Foreign Minister Bob Carr today welcomed the temporary ceasefire in Syria, commencing at 3pm AEST today (6am in Damascus).
“I strongly support the initiative of United Nations Special Envoy Lakhdar Brahimi in seeking a ceasefire across the Muslim holy days of Eid Al Adha,” Senator Carr said.
“If this ceasefire holds it will be a welcome pause in this horrific national struggle.
“More than 30,000 people have been killed and over one million driven from their homes.
“As of this morning, the ceasefire proposal has tentative support from government and most opposition forces.
“This three-day break in fighting may be the first step toward a longer peace.
“Australia will support efforts by international bodies such as the United Nations and Arab League to encourage a negotiated settlement.
“And we’ll be continuing our humanitarian aid which is assisting tens of thousands of refugees and has helped evacuate 500 seriously wounded civilians.”
Senator Carr said the ceasefire could also support Australia’s plan to protect medical workers in Syria by reducing military targeting of doctors and obstruction of Syrian hospitals.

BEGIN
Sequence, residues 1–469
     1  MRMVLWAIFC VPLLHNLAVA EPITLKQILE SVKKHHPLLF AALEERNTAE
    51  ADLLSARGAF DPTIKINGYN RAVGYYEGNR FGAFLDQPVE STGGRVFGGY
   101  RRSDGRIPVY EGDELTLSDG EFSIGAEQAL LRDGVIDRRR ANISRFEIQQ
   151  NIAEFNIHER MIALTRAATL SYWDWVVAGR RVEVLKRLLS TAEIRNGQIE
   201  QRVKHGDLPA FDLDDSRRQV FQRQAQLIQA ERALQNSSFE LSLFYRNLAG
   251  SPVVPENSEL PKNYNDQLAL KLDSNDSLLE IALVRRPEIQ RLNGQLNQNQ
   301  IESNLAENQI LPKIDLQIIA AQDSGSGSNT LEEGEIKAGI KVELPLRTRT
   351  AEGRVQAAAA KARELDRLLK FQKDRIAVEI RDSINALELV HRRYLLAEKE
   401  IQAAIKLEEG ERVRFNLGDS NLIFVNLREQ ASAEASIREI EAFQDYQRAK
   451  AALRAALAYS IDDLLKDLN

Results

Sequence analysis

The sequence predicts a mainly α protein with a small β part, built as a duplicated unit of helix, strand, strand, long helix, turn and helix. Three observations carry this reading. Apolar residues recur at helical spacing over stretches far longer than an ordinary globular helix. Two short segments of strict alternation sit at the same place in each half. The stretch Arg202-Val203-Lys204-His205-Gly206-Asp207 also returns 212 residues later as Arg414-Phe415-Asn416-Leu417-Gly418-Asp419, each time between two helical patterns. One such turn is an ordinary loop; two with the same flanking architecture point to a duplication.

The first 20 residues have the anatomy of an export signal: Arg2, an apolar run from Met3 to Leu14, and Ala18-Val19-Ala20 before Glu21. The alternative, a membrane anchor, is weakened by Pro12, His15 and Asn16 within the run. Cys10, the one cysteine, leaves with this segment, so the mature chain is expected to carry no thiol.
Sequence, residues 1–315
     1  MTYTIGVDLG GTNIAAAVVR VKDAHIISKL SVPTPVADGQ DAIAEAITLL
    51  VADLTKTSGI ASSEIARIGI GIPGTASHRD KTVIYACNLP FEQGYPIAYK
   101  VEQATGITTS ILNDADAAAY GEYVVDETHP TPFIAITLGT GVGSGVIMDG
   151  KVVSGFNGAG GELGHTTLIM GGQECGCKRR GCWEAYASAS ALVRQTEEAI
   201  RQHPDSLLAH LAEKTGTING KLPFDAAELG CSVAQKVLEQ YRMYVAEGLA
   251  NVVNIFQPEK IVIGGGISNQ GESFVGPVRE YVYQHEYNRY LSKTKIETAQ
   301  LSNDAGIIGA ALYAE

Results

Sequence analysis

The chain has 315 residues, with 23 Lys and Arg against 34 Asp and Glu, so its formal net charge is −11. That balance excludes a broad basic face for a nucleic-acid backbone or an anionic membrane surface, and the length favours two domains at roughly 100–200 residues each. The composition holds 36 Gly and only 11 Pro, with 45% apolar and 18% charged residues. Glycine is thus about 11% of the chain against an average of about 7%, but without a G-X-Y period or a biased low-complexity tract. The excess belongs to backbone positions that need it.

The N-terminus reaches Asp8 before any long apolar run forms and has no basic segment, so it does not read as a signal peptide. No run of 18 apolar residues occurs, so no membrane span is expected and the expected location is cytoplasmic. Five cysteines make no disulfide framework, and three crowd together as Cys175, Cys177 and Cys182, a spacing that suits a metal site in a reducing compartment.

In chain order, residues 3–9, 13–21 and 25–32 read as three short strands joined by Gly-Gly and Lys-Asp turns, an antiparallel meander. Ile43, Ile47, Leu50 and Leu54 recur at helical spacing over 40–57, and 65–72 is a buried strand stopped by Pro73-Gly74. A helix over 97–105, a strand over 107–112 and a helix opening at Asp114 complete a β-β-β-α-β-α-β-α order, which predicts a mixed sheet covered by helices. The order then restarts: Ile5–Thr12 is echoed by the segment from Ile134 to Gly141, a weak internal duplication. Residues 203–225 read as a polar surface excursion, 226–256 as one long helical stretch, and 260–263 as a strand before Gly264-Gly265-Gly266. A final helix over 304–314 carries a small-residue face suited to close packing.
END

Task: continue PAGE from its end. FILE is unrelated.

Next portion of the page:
The plan has broad international encouragement, including from the Organisation of Islamic States. It would be pursued further when Australia takes its seat on the UN Security Council in January.
More than 30,000 Syrians have died in the current civil conflict, and the United Nations has estimated more than 2.5 million others are in need of humanitarian care.
There are also an estimated 350,000 Syrian refugees in camps in Turkey, Jordan, Lebanon and Iraq.
In September, Australia provided another $4 million for Syrian medical aid, comprising:
• an additional $2 million for medical supplies and emergency food aid in Syria; and
• an additional $2 million for food, shelter and health care in Syrian refugee camps in Jordan and elsewhere.
This $4 million additional contribution lifted Australia’s commitment to the Syrian humanitarian crisis to $24.5 million. Australia is the third largest national contributor to humanitarian aid for Syria, behind the United States and the United Kingdom.